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Stauchy Blog » Blog Archive » Starting another Safari! June 13-14, 2008 (JRS/LAS)

Starting another Safari! June 13-14, 2008 (JRS/LAS)


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After a day of internet and chilling (mostly safely within the confines of the Wildebeest Camp), we jumpped on a shuttle to Arusha, Tanzania.  From there we arranged another Safari.  The Safari in Kenya had not dissappointed, and it certainly left us ready for more, and what better place to go than perhaps the most well-known game park in the world: The Serengeti.  In addition, our 5-day Tanzanian safari started at a beautiful lakeside reserve called Lake Manyara (and ended at the “eighth wonder of the world”, Ngorongoro crater).Friday, June 13:

We should start back in Kenya and mention that the road from Nairobi to the border of Tanzania is without a doubt the worst main road we’ve even been on.  I would not really have called it a road had I seen in back in the States.  It was more of a 4-wheel-drive path.  I’d be surprised if we made it over 30mph the whole time.  It was basically one big pot-hole with an occasional patch of dirt road.

Anyway, we finally make it to the border where we all pile out of the shuttle.  There, we were surprised to find out that we were being charged $100 for a visa, where we had understood it would be $50.  We said that we only needed a single-entry, 30-day visa, but instead they insisted that we get a full 3-year visa.  We are still unclear if we could have gotten a cheaper transit visa.  I guess we can chalk it up to making sure we’re more up on our visa requirements before crossing a border.

The upshot is that the road was vastly improved once we got into Tanzania.  When we arrived in Arusha around mid-day where there was a “transfer” waiting for us, willing to take us to our accomodation.  We hadn’t booked a transfer, so we were (rightfully) skeptical.  But, it was quite a walk into town and our bags were heavy, so we took them up on their offer.  It turns out that they were from a tour company called Roots-of-Afrika.  They kept their promise and drove us to a couple of our first choices and allowed us to get checked in before asking us to come with them to their office to hear about their safari/Mt. Kilimanjaro packages.  We listened to their spiel, then headed to town to talk with a few more companies.  As we got into the main part of town, we were mobbed by people trying to sell us tours.  It was CRAZY!  We abandoned our cause and decided to just go to the tourism office to check out if Roots-of-Afrika had been “blacklisted” (which they hadn’t), then bailed into an internet cafe to do some research.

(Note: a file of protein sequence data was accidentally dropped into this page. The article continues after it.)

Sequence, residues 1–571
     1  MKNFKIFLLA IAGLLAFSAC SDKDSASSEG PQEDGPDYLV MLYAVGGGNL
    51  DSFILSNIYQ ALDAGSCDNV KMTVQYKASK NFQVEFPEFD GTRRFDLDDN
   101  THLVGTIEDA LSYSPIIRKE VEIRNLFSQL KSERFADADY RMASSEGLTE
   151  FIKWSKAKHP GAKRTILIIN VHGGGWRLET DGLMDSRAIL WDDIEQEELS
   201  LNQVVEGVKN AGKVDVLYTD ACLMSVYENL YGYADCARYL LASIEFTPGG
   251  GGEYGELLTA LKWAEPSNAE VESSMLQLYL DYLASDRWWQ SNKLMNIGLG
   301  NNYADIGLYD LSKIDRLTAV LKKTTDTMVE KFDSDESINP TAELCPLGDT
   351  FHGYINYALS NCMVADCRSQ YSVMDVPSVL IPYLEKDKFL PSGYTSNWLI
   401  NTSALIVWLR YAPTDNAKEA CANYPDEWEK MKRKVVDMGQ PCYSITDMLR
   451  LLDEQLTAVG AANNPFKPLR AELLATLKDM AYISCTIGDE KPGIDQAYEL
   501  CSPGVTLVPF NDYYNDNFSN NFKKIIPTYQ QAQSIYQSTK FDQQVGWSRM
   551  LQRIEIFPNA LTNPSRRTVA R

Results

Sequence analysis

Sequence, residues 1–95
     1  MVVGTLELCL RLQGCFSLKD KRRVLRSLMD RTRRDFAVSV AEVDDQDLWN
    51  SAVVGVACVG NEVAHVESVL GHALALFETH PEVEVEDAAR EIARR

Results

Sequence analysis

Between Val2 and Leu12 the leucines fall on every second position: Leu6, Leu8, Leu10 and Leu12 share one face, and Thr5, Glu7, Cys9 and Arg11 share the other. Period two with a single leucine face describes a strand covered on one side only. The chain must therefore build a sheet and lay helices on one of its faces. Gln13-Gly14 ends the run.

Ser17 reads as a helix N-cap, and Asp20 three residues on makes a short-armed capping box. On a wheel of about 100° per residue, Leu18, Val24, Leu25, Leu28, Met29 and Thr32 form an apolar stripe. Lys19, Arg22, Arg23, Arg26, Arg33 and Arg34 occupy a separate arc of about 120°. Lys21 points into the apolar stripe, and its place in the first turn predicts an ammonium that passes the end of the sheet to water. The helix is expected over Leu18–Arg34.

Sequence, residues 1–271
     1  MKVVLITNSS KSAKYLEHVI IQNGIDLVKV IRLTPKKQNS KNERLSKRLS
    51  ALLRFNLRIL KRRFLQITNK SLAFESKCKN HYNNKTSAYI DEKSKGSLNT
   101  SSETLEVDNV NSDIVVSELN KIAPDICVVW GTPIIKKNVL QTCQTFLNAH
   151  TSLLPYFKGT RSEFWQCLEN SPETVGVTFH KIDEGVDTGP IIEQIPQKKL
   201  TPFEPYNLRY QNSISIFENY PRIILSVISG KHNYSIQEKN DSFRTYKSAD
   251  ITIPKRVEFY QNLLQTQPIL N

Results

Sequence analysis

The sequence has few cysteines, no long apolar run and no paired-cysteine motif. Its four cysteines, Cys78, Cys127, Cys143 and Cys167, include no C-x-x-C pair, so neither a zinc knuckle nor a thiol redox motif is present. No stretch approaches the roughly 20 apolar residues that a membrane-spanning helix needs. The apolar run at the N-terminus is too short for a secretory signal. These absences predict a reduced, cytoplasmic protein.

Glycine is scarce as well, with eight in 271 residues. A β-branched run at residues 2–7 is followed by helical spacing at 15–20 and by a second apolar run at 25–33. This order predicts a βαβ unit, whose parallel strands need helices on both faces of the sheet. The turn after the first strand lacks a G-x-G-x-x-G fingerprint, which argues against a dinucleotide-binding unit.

Long story somewhat shortened, after some despair about whether or not Roots-of-Afrika was legit, we decided to bail on our plans to chat with several companies and just go with our first option (the price was very good, but not too good to be true).  The problem was that we had to shell out about $500 that night, with no real gaurantees that our driver and cook would show up in the morning.

Saturday, June 14

But, sure enough, Gladstone (the owner) showed up to take us by the ATM for another large withdrawal then to meet the people we’d be joining up with (you get a far better price if you’re willing to join in on someone else’s tour).  We eventually figured out that he had sold us to another tour operator, which was fine with us, even though he made it sound like he was the operator.

With all that BS asside, we were finally able to set off on the reason we were there.  Our first day was spent in Lake Manyara.  We set up camp and enjoyed a box lunch in town before heading into the park.  Inside the park, we saw blue monkeys, vervet monkeys,

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LOADS of baboons,

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several small groups of elephants,

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a herd of about 20 giraffes.  The giraffes were really neat to watch as several were laying down and we watched the awkward process of the adult giraffes standing up. 

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As we approached the lake, we realized that what appeared to be the sun’s bright reflection on the surface of the lake was actually thousands of flamingos grouped along the water’s edge.  We also saw lots of zebras, mongoose, impalas, warthogs,

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crown birds, hippos, a few water buffalo, kingfishers birds, a fish eagle, and some hornbills.

The best sightings in Lake Manyara, however, were in the trees.  We first saw a female lion in a tree (apparently pretty rare to see the lion in a tree - at least for our guide!)

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Later in the afternoon, we also saw a male leopard resting in a tree branch right along the roadside.

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Both were very close to one of the main roads and we were able to watch for quite a while! 

With that, we returned to the campsite.  After dinner, there was a small music show with traditional songs and dancing. 

-JRS/LAS

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